Author Malcolm Gladwell once said, “Success is a function of persistence and doggedness and the willingness to work hard for twenty-two minutes to make sense of something that most people would give up on after thirty seconds.” Guilty as charged, I give computer glitches about thirty seconds before I throw my hands in the air and quit. And perhaps electronic expertise is not crucial to our exaltation. But other things are, and we should be dogged about those, at least.
How about daily scripture study? Is that one worth total commitment, absolute refusal to accept less than 100 per cent success? I think it is. And it’s something every one of us can attain.
What about staying active in the church? Have you drawn that line in the sand and said you’ll be active all your life no matter what? Even if every person you know offends you, members make horrible mistakes, and Satan and his minions combine against you, have you determined that you will renew your baptismal covenants every week, period? I cannot allow the mortal failings of someone else to determine my future. For me this is a non-negotiable issue.
Probably the toughest area to maintain that doggedness is in having faith when things get tough. Life rains on the just and the unjust, but sometimes we long for fairness, we long for a break in the storm. And it just doesn’t come. These are the times when we need to be doggedly determined to believe there is a loving Father in Heaven who cares about the details of our lives, there is a loving Savior who suffered for all that we are going through, and there is a blessed dawn awaiting us in the Lord’s own time. We have to persevere, keep putting one foot ahead of the other, and truly endure life’s setbacks with faith in God. Sometimes just “keeping on” is raw, courageous tenacity.
If we look at those areas of our life where we simply must succeed, we can choose to be relentless in our pursuit of victory. We can find a way to pick ourselves up when we fall, and persevere to the end. Best of all, we can call upon our Heavenly Father to help us through our struggle, and know that He will. As Elder Jeffrey R. Holland once said, “No one has failed who keeps trying and praying.”
Hilton’s new LDS novel, Golden, is available in paperback and on Kindle. All her books and YouTubeMom videos can be found on her website. She currently serves in Stake Public Affairs.
Gerry GarrisonOctober 12, 2017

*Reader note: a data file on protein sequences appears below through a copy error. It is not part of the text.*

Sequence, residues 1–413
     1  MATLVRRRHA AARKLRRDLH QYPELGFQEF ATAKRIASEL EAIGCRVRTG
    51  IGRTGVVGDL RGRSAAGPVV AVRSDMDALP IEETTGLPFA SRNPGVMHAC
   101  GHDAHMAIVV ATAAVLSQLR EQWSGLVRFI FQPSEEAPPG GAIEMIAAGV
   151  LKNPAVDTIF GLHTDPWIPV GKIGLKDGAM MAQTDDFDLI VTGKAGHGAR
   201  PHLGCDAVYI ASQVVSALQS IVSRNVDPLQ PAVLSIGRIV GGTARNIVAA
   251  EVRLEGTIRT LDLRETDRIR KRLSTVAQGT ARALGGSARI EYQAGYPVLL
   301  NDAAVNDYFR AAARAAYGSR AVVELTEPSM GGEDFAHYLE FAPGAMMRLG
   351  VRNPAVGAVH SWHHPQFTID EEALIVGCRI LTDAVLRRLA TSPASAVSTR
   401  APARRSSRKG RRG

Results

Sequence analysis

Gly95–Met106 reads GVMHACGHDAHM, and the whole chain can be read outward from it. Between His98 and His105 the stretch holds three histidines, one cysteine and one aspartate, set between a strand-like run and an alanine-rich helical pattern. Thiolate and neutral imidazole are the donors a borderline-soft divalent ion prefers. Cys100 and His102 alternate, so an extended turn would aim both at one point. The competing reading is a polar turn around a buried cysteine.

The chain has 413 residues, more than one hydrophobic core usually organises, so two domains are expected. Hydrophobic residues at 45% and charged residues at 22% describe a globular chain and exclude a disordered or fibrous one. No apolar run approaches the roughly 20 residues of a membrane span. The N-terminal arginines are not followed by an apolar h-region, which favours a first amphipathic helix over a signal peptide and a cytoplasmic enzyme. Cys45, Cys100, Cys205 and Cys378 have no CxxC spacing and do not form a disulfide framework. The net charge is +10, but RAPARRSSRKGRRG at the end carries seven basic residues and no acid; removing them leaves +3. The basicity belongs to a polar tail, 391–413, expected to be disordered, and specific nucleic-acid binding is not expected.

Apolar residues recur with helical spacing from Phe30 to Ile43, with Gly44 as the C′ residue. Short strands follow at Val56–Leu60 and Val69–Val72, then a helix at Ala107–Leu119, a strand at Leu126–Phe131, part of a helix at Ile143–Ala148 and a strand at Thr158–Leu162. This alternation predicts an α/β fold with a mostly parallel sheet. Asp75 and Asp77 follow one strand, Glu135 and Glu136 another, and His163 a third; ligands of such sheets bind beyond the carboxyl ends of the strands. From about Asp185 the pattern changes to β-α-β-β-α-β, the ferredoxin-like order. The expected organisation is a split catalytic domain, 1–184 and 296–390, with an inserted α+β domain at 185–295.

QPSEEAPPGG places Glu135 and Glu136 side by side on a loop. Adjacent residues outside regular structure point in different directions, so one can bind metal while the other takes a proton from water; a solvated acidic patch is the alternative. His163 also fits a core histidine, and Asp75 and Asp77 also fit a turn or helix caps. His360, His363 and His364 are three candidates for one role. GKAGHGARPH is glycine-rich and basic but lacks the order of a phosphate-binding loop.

This article touched my soul. I have been inactive for over 20 years, because I just gave up instead going down the path that God has made for me. My goal now is to talk to the bishop of the ward nearest to my home. My wife, a devout Catholic, is no going to be happy, but I must do what is right for my everlasting soul. I pray God will have mercy on me and guide me back to the Church.
SunnySideUpOctober 12, 2017
You lost me at the marital paragraph. It bothers me when mental illness is used as a divorce excuse and it seems that bulldog persistence doesn't seem to apply in that case, according to what you wrote. When one partner has a trial like that, doesn't the other help them through it and doggedly so? At what point is that *dogged marital work* enough and time to abandon them in divorce? Only "healthy" parties keep plugging at marriage? Abuse or mental illness are your two exceptions. Paired with abuse, mental illness seems pretty dark and severe and an excuse to give up and be okay with it. If we make those vows and covenants, aren't we bound to help the partner through the trial "doggedly" and more so than anything else as these unions are eternal? I quit seeing the only psychologist in my area as she "saw divorce as the way out when a partner was going through it" and kept counseling me to do so. Maybe use that dogged persistence to get you both to that eternal goal no matter how rocky the road becomes. That's what the atonement is for..healing. Covenants are serious and not just to "healthy" couples. Mental illness may make one person work much harder on the outside but the struggle on the inside may be the most dogged struggle of them all. Please don't easily write off mental illness as a side note and exception in your article for this persistence not to apply. You may be writing off a good portion of the population anymore and helping to give people an excuse to not work hard in that instance. I got your point and appreciated the article, otherwise